Just as the comment for the point #3, demonstrating the protein levels and/or localization of CFAP43 CFAP44, ARMC2, and CCDC146 in the sperm bearing these multiple heterozygous mutations will be critical.

As for your major comment number 3, we fully agree that these experiments would bring very interesting knowledge but as our mouse lines had to be eliminated following the covid crisis and repeated lockdowns, we do not possess the required biological resources to perform these experiment anymore.

6. In general, it is suggested for the authors to clarify the claims/conclusion supported by their data vs. speculation throughout the text.

Following this and previous comments, we have added numerical data and made several changes to the text of the manuscript to remove subjectivity.

https://doi.org/10.7554/eLife.75373.sa2

Article and author information

Author details

  1. Guillaume Martinez

    1. Institute for Advanced Biosciences, INSERM, CNRS, Université Grenoble Alpes, Grenoble, France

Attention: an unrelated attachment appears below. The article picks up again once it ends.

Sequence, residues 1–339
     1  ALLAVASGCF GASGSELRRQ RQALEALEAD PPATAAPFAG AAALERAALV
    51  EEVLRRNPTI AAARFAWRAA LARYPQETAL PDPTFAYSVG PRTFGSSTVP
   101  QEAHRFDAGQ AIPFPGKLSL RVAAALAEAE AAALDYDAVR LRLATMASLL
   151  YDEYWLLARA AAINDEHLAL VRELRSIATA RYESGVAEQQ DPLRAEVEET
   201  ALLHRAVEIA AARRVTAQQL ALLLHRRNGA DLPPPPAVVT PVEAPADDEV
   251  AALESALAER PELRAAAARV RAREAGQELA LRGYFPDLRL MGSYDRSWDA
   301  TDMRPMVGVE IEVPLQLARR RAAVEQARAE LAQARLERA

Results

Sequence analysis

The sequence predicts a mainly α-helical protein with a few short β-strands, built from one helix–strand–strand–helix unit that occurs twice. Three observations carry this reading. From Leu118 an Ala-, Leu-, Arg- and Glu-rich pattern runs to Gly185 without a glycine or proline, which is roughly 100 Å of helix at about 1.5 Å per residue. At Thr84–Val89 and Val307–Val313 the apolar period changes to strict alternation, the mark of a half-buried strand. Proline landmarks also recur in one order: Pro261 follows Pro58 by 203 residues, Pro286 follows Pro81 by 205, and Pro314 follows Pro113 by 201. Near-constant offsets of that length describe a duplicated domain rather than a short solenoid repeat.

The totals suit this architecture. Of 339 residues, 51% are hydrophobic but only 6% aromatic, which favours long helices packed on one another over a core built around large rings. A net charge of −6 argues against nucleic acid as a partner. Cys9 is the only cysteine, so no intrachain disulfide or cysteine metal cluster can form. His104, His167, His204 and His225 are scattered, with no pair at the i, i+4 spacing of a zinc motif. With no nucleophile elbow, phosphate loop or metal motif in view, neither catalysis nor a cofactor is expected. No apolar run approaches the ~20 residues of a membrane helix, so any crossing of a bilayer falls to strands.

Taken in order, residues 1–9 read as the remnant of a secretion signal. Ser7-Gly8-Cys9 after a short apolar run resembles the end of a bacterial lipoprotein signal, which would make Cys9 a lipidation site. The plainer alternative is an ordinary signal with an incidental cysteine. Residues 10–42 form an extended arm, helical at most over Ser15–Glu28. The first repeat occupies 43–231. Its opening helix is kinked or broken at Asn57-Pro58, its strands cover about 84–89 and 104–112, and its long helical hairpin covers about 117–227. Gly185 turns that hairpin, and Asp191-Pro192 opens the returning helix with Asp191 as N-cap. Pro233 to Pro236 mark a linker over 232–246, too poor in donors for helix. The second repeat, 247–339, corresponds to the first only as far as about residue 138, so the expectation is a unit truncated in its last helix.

2. UM de Génétique Chromosomique, Hôpital Couple-Enfant, CHU Grenoble Alpes, Grenoble, France
    Contribution
    Investigation, Conceptualization, Funding acquisition, Methodology, Supervision, Writing - original draft, Writing - review and editing
    For correspondence
    gmartinez@chu-grenoble.fr
    Competing interests
    No competing interests declared
    ORCID icon "This ORCID iD identifies the author of this article:" 0000-0002-7572-9096
  2. Charles Coutton

    1. Institute for Advanced Biosciences, INSERM, CNRS, Université Grenoble Alpes, Grenoble, France
    2. UM de Génétique Chromosomique, Hôpital Couple-Enfant, CHU Grenoble Alpes, Grenoble, France